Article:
I had an operation on my lip two weeks ago to improve the appearance of my cleft lip and have been told by my surgeon that any form of smoking can damage the healing tissue. My question is whether using a vaporizer to consume cannabis will prove damaging? My doctor didn't seem to think so, although I didn't explicitly say that it would be used with cannabis. To clarify, nothing would actually be burning. Many thanks, Rory
Will Using a Vaporizer to "Smoke" Marijuana Impede my Lip's Healing Process? (photo)
Doctor Answers (2)
Marijuana use and surgery
1. There is nicotine in tobacco, but not in marijuana. However, most joints are rolled with marijuana and tobacco combination. Nicotine is a vasoconstrictor that decreases blood flow to the tissues. This is the major problems that can cause a very bad outcome in some surgeries. In a breast augmentation, there is not a lot of risk as there are not a lot of incisions which decrease blood flow to the tissues. In a breast lift or tummy tuck, on the other hand, there is much longer and more involved incisions. The decrease in blood flow to the tissues in combination with the decrease in blood flow from the nicotine can cause tissue to die. This can cause part of the breast or nipple, or in the case of a tummy tuck, part of the belly tissue to die, resulting in a very bad outcome. Marijuana without tobacco does not cause this problem, or marijuana in an edible fashion.
2. There is carbon monoxide in both tobacco smoke and marijuana smoke. Carbon monoxide decreases the oxygen carrying capacity of hemoglobin in the blood. This is different from the vasoconstrictor effect, but has the same result of having the risk of tissue death in conjunction with surgeries that decrease the blood flow to tissues such as breast lifts and tummy tucks, as opposed to an augmentation alone that does not decrease blood flow to as great of an extent. Again, edible forms of marijuana do not have smoke, and thus carbon monoxide poisoning.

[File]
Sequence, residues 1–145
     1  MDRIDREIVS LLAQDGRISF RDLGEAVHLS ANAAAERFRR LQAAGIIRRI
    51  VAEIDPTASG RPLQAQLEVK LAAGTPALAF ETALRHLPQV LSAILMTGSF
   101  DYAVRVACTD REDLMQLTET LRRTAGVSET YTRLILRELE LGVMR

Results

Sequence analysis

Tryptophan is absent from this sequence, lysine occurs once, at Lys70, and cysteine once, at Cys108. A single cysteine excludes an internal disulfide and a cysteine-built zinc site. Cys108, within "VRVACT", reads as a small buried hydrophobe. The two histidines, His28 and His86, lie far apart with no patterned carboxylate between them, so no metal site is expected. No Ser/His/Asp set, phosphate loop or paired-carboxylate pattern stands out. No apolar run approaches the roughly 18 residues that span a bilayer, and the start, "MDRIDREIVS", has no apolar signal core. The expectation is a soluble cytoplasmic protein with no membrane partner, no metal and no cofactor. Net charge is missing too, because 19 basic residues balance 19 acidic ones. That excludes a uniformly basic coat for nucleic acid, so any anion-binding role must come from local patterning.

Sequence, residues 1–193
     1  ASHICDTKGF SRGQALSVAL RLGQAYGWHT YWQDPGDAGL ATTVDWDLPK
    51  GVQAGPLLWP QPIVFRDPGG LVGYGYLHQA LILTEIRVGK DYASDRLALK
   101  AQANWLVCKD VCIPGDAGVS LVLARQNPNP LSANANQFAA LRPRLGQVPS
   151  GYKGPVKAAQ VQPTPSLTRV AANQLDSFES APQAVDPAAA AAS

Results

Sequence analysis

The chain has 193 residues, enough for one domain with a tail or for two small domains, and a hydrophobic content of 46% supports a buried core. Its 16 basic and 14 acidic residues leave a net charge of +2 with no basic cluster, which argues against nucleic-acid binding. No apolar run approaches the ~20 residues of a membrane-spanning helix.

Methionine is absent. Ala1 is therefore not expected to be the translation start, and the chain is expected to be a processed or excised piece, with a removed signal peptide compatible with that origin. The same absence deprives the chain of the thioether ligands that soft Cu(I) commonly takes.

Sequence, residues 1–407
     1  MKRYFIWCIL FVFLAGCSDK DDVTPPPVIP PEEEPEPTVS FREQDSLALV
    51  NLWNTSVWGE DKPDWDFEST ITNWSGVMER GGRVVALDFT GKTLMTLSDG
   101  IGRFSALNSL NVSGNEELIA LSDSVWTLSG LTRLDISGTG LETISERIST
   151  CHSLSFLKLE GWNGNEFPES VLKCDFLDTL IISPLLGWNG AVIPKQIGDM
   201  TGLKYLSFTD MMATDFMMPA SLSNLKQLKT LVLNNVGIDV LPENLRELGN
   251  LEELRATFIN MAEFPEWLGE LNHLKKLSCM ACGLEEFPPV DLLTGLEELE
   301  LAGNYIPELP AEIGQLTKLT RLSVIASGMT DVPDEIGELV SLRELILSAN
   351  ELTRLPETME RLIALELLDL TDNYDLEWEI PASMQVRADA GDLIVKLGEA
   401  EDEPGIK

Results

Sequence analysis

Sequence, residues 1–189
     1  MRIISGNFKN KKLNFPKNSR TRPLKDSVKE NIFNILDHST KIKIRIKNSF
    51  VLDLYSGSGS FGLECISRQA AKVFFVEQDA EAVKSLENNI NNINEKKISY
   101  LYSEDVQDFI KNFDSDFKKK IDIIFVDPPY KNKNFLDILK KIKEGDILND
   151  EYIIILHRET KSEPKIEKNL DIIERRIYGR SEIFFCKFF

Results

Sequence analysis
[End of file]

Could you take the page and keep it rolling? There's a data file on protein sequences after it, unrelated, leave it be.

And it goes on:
3. Coughing. Both tobacco and marijuana smoke disrupt the lining of the lungs and bronchi and can lead to coughing episodes. Coughing episodes can lead to internal bleeding after surgery that can lead to hematomas and complications, and again a bad outcome. Again, edible forms of marijuana does not have this effect.
4. Anesthesia effects. Marijuana can have drug interactions with certain anesthetic drugs. Thus it is important to tell your anesthesiologist about your marijuana use.
In conclusion, Smoking, whether it be tobacco or marijuana, is detrimental to your surgery outcome. Edible marijuana is much less so, but be honest about your use with your surgeon and anesthesiologist so that you can have the best outcome.
Pablo Prichard, MD
Do you really "need" the THC?
You appear to have had a detailed discussion with your surgeon. Follow his advice and do not seek "approval" from online consultants who will not have to deal with any problems that develop with your surgical result.
Consider that even if you get THC into your system without actually "burning" anything, you could still bump and injure your lip repair as a result of getting high. This is why we do not advise patients to drive after receiving narcotic pain pills either.
Rory, hold off on the weed for now. Maybe forever. Best wishes! Dr. Tholen